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It is Saturday again and I write once more.
Last Wednesday we took a
long walk to a village an hour's distance from here. The road
led through meadows and fields, along hedges of hawthorn, full
of blackberries and clematis, and here and there a large elm
tree. It was so beautiful when the sun set behind the grey
clouds, and the shadows were long. By chance we met the school
of Mr. Stokes, where there are still several of the boys I
knew. The clouds retained their red hue long after the sun had
set and the dusk had settled over the fields, and we saw in the
distance the lamps lit in the village. While I was writing to
you, I was called to Mr. Jones, who asked if I would walk to
London to collect some money for him. And when I came home in
the evening, hurrah, there was a letter from Father with
tidings about you. How I should like to be with you both, my
“I have been ill, my mind was tired, my soul
disillusioned and my body suffering. I whom God has endowed at
least with moral energy and a strong instinct of affection, I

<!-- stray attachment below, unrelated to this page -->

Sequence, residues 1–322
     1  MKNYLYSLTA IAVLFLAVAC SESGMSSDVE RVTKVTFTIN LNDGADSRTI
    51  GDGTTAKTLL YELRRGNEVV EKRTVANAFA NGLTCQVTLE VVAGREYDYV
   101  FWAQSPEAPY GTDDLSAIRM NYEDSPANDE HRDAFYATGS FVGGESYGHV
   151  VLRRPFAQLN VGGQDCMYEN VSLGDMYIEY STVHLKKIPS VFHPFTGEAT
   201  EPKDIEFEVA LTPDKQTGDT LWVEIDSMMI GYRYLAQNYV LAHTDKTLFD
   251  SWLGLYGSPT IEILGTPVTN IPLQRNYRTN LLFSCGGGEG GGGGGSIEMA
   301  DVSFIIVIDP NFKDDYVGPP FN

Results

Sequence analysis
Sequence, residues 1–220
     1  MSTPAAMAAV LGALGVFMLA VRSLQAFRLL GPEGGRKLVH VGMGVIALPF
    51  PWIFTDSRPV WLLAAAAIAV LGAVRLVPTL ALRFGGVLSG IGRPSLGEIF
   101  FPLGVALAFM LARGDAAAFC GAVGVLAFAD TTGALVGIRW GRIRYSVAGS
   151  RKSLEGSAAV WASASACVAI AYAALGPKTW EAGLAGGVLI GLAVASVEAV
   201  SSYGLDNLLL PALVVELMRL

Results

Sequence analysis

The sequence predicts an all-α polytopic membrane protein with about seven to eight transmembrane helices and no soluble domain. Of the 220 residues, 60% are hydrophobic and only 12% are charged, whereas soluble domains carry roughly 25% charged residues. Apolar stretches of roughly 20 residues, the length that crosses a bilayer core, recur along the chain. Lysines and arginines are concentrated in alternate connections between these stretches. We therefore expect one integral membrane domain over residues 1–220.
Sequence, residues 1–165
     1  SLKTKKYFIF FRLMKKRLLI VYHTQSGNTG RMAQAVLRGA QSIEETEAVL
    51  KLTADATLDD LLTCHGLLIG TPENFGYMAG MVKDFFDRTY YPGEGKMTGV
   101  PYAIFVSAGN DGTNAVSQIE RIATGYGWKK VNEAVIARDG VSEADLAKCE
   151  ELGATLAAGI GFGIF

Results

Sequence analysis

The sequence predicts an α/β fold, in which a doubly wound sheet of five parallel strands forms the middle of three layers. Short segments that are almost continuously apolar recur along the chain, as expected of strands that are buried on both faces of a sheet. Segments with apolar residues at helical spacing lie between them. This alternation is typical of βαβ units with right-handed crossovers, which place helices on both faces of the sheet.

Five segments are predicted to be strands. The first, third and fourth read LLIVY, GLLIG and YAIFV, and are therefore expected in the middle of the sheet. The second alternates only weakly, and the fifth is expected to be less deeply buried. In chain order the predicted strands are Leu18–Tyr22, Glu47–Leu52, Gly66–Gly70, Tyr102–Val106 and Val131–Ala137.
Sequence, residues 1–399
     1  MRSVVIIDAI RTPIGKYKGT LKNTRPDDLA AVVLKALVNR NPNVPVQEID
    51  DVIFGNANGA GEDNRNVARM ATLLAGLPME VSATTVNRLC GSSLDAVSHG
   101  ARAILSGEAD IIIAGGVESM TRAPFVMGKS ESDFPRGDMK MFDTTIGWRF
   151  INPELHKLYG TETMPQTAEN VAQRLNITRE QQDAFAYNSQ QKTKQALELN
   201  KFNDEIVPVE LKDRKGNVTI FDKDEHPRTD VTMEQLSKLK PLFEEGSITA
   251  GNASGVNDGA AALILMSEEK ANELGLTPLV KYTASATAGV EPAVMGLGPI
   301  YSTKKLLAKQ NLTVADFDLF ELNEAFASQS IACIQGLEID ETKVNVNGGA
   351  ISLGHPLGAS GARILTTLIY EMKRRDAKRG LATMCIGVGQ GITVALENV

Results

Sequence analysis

fell in the abyss of the most bitter discouragement and I felt
with horror how a deadly poison penetrated my stifled heart. I
spent three months on the moors, you know that beautiful region
where the soul retires within itself and enjoys a delicious
rest, where everything breathes calm and peace; where the soul
in presence of God's immaculate creation throws off the yoke of
conventions, forgets society, and loosens its bonds, with the
strength of renewed youth; where each thought takes the form of
prayer, where everything that is not in harmony with fresh and
free nature quits the heart. Oh, there the tired souls find
rest, there the exhausted man regains his youthful strength. So
I passed my days of illness . . .. And then the evening! To be
seated before the big fireplace with one's feet in the ashes,
one's eyes fixed on a star that sends its ray through the
opening in the chimney as if to call me, or absorbed in vague
dreams too much to look at the fire, to see the flames rise,
flicker, and supplant one another as if desirous to lick the